August 4, 2015

Persuasion & Prayers Read-Along :: Day 13


Well goodness, there's a great lot of stuff that we find out in these next chapters! Things are finally coming to a head and I find it so interesting that after much of the book has been spent quietly moving from scene to scene, all of a sudden Ms. Austen must have realized her story was reaching the climax and she had all this info her readers needed yet. Because we do get a bit of an info dump, especially in chapter 21. I'm not complaining, mind you! I just find it intriguing how Ms. Austen plotted this novel. :)

{More discussion is over here, at Amber's blog.}

Day 13 :: Persuasion Chapters 21-22

Quote to Ponder:

 "How she might have felt had there been no Captain Wentworth in the case, was not worth enquiry; for there was a Captain Wentworth; and be the conclusion of the present suspense good or bad, her affection would be his for ever."

{I love that! Anne determines to love him no matter what. It reminds me of Mr. Thornton from Elizabeth Gaskell's North and South actually, because he does the very same. No matter what the object of their affections do or do not feel towards them, whether they end up happy in love or no, both Thornton and Anne decide to love anyway. And at the moments when they determine this, neither of them have any guarantee of a happy ever after. Which just shows their bravery! Dear, brave, Anne, just you wait. Your happy ending is coming! :D }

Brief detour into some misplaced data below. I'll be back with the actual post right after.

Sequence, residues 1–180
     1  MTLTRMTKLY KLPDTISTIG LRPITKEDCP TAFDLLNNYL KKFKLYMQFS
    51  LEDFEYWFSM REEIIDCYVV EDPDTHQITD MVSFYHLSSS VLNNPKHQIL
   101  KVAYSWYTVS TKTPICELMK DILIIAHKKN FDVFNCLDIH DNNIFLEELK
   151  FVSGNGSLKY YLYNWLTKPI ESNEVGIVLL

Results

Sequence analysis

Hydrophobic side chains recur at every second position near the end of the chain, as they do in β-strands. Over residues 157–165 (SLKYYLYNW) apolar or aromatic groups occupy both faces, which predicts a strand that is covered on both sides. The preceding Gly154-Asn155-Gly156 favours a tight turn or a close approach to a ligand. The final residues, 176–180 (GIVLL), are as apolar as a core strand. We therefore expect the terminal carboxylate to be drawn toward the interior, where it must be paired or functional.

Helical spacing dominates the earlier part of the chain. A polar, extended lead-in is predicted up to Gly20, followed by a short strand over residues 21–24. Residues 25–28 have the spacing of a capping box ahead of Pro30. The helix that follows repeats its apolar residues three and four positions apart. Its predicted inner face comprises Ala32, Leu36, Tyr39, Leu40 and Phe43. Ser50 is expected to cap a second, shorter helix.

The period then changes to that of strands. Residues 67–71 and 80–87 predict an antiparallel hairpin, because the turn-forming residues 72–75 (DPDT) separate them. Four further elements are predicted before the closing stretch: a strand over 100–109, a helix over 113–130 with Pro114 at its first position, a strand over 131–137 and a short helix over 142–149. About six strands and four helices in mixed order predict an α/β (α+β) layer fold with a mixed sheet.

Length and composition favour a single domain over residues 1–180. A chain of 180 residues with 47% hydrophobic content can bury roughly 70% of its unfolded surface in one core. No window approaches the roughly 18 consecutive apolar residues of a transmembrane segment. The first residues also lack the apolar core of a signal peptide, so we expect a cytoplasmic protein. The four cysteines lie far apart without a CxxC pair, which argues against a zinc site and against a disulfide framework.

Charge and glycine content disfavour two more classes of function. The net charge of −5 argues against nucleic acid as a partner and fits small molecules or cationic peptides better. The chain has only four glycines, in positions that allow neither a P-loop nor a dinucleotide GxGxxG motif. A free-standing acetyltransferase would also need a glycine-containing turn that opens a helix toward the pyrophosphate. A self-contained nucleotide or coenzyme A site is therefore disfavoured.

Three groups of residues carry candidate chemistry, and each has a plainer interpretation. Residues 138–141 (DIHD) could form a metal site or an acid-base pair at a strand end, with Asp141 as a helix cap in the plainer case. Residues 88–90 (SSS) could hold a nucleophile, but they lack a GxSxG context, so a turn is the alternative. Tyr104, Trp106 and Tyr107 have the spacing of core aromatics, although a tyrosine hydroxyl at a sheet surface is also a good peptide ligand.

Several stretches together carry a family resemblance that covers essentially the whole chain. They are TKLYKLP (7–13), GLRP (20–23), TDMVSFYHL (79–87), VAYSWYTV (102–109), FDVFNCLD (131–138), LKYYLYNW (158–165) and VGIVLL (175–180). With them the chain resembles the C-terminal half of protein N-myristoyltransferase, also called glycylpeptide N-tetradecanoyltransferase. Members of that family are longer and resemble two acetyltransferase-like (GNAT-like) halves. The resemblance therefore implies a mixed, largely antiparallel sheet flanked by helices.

Observation:

I am SO glad we finally know how very despicable Mr. Elliot is! And I love that, while Anne suspected his duplicity, she never guessed the extent of his awfulness. Her goodness and honesty wouldn't think such things. At least not without proof and irrefutability, such as Mrs. Smith gives. I do feel bad for Anne as well. Because she knows these things now, but is unable to tell her family as they would never believe her! For as terrible as they are to her, she still loves them and would never want them hurt. It's quite a quandary she's in.